Before each participant was given their handheld computer for the week, they were interviewed as to typical wake time and sleep onset. The program to then randomly beep the students throughout the day everyday for a week was written according to each participant’s sleep/wake cycle so as not to encourage loss to follow-up. Therefore, data collected after midnight was due to self-reported sleep/wake schedules for students identifying themselves as typically up late at night. While programming according to self-reported sleep/wake schedules may present a sampling bias (although it promotes study retention), we have data that will be evaluated in the future that compares actual computing patterns over midnight measured directly through a computer software to determine if self-reported sleep/wake schedules were accurate and if they changed throughout the semester. Thus, the possible issue of sampling bias will be addressed.
The patterns demonstrating changes in symptoms experiences over the day and over a span of months provides insight into outcome measurement issues when studying the epidemiology of computing-related UEMSDs from both a macro and micro scale. Detecting macro versus micro time changes in symptoms raises an important design issue when deciding what perspective in the etiology of UEMSDs is desired and how to measure specific exposures such as sustained posture and other suspected biomechanical factors (Gerr et al., 2006). Furthermore, office ergonomics intervention studies would also benefit from designing outcome measurements to detect time-related symptoms changes, allowing for more accurate assessments of intervention effect.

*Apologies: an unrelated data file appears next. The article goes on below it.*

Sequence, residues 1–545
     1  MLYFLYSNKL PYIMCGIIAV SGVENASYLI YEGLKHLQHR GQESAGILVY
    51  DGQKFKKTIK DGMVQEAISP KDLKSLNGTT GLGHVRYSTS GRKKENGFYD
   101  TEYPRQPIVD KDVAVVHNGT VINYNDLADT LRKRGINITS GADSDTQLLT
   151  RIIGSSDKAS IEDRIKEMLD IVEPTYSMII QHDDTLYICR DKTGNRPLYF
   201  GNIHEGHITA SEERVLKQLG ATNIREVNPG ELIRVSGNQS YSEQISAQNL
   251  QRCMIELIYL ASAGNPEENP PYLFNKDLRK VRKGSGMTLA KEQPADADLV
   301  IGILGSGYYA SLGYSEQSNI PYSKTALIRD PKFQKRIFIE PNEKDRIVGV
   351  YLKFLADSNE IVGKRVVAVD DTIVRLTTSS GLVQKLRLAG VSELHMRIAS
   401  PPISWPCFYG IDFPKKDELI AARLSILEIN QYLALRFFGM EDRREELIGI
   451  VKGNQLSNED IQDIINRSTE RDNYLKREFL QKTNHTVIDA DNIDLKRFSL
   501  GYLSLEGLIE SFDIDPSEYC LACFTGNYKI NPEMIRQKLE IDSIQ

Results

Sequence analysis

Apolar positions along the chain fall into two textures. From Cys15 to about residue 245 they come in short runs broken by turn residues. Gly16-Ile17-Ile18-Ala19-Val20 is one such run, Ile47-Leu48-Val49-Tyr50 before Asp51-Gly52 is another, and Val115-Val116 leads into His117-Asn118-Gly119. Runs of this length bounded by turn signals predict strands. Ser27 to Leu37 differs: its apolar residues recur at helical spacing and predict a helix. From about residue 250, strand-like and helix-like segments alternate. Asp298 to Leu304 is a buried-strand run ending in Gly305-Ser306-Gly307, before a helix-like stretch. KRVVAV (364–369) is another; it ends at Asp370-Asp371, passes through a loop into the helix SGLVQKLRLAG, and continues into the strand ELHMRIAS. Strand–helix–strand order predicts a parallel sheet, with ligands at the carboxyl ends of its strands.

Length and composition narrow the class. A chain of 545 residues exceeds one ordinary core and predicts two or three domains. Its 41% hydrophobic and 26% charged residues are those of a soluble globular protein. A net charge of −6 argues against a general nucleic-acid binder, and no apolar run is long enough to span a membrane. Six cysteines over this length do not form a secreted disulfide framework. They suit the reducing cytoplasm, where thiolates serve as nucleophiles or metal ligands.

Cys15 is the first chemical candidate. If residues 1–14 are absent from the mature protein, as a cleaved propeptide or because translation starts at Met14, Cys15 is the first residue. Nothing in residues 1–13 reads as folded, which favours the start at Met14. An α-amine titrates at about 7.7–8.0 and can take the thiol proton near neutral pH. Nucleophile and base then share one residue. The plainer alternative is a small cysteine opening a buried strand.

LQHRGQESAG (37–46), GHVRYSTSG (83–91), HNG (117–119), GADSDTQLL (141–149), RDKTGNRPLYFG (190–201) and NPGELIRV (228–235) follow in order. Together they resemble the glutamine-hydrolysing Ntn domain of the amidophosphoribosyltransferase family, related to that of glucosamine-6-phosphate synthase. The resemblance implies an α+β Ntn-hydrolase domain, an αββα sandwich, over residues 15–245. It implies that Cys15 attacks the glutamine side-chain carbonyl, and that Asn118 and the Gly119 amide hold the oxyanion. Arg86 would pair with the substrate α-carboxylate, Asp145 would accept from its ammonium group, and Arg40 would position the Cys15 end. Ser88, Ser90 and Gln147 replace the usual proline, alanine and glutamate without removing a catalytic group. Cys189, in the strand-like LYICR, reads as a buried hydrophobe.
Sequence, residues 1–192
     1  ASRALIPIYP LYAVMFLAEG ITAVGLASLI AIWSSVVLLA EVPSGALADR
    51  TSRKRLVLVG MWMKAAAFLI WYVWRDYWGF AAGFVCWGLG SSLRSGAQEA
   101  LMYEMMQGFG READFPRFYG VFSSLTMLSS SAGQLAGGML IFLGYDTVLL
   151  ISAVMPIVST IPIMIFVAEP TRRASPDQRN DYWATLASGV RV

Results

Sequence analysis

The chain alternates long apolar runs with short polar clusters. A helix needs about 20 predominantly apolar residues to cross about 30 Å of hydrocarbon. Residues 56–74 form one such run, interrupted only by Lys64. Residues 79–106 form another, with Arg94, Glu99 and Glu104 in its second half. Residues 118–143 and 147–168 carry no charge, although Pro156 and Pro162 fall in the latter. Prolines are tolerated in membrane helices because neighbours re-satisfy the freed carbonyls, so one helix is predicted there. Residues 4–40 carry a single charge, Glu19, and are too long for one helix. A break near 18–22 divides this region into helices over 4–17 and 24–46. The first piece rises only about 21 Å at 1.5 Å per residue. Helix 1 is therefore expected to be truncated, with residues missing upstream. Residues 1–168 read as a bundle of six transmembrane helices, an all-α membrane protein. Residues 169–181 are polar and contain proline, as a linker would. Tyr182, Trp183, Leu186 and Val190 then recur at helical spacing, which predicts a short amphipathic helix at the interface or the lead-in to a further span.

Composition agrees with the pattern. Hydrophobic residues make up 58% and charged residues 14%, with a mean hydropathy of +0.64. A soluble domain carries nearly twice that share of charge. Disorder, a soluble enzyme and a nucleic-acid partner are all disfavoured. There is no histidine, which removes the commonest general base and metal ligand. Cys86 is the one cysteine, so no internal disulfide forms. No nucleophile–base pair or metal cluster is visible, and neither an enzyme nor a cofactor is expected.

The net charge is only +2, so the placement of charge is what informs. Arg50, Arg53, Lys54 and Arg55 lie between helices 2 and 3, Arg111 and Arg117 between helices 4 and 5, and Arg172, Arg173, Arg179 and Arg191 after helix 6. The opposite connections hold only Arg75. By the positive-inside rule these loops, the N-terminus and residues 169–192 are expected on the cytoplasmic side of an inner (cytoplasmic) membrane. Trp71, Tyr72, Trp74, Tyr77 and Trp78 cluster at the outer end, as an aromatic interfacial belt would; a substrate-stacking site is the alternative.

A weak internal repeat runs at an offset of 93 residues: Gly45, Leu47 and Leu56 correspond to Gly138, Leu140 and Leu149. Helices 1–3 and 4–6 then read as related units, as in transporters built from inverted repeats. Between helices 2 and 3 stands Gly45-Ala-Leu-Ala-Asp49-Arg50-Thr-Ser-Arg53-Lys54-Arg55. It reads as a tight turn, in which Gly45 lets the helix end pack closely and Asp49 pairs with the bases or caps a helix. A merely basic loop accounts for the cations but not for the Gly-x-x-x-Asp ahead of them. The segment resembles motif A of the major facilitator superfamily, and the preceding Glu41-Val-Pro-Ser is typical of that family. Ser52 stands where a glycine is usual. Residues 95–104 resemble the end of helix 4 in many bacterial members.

The models proposed here are meant to describe temporal variations in upper extremity musculoskeletal symptoms that need to be adjusted for before evaluating the main proposed risk factors: computer use duration and non-neutral computing postures. A profile of college students based on the 30 that participated for the current study were constructed to better understand symptoms distribution over time before further modeling symptoms on suspected risk factors. This pilot project was done in the context of a study focused on computing patterns and non-neutral computing patterns and their association with upper extremity musculoskeletal symptoms. The findings presented here regarding the natural history of upper extremity musculoskeletal symptoms are novel and provocative. Further epidemiologic research is needed to confirm symptoms patterns related to computing in both college and office environments. In the meantime, further work in this field, whether in the form of office ergonomic intervention design or epidemiologic research, should measure temporality of musculoskeletal symptoms throughout a day and over extended periods of time (weeks or months) if conclusions about an intervention’s effect or causal role for a risk factor wish to be made.